The week of July 20-26 takes us from New Moon to Lunar Day 7. This week we will highlight the craters Bürg and Lacus Mortis.
Lacus Mortis: [NE/E12; L=27°E] The charmingly named “Lake of Death” is a large lava-flooded crater. 90 miles in diameter, just north of Mare Serenitatis which contains rilles, wrinkle ridges, faults, and a substantial internal crater, Bürg. At more than four billion years, Lacus Mortis is one of the oldest impact features on the Moon. The principal rille, Rima Bürg, is 60 miles long and can be seen through small telescopes. Another rille starts halfway between Bürg and the rim of the Lacus and goes straight south. In the process it changes from a generic rille to a genuine fault whose floor falls away on the western side. Can you make out where the rille ends and the fault begins? At sunrise you will see a shadow extending to the west, and at sunset (around Day 19) the face of the fault is brightly illuminated. Make a quick sketch of Lacus Mortis, then come back later and see if you can add more detail.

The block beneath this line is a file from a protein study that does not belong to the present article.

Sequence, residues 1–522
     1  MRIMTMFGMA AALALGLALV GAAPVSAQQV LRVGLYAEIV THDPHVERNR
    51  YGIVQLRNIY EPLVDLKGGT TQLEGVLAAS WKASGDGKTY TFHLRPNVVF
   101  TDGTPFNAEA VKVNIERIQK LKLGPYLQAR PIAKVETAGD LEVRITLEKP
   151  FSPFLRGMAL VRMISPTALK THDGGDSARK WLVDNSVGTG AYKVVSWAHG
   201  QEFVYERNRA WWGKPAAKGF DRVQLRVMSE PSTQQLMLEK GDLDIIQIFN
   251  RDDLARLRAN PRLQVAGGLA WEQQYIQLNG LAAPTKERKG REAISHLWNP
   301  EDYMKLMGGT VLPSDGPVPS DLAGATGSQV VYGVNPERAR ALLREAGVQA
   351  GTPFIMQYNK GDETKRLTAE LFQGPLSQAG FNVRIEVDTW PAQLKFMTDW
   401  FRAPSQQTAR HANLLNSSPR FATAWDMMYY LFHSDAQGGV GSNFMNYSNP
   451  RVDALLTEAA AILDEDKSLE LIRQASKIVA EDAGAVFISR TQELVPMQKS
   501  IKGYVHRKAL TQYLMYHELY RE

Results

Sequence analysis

Bürg: [NE/E12] The centerpiece of Lacus Mortis is the 25-mile crater Bürg, a complex crater with terraces and a central mountain peak that appears to be split in two. As far as complex craters go, Bürg is a bit unusual. Instead of being mostly circular, the rim is scalloped and wavy and there is an inordinate amount of slumping on the western interior slopes; a finger of the slumping actually touches the central mountain peak! Some observers have reported a small summit pit on the top of the central mountain. Can you make one out?
OF ADDITIONAL INTEREST IN SPACE:
Comet Neowise has obligingly moved to the evening skies. It can be found around 10 p.m. between the Big Dipper and the horizon. Check it out before the Moon gets too bright. It might be helpful to scan with binoculars.
It is highly recommended that you get a copy of Sky and Telescope’s Field Map of the Moon, the very finest Moon map available for use at the telescope. It is available for $10.95 at www.skyandtelescope.com and on Amazon. All features mentioned in this blog will be keyed to the grid on the Field Map and will look like this: Plato: [NW/D9]
Courtesy of Gray Photography of Corpus Christi, Texas
Lunar photos: NASA / USGS / BMDO / LROC / ASU / DLR / LOLA / Moon Globe. Used by permission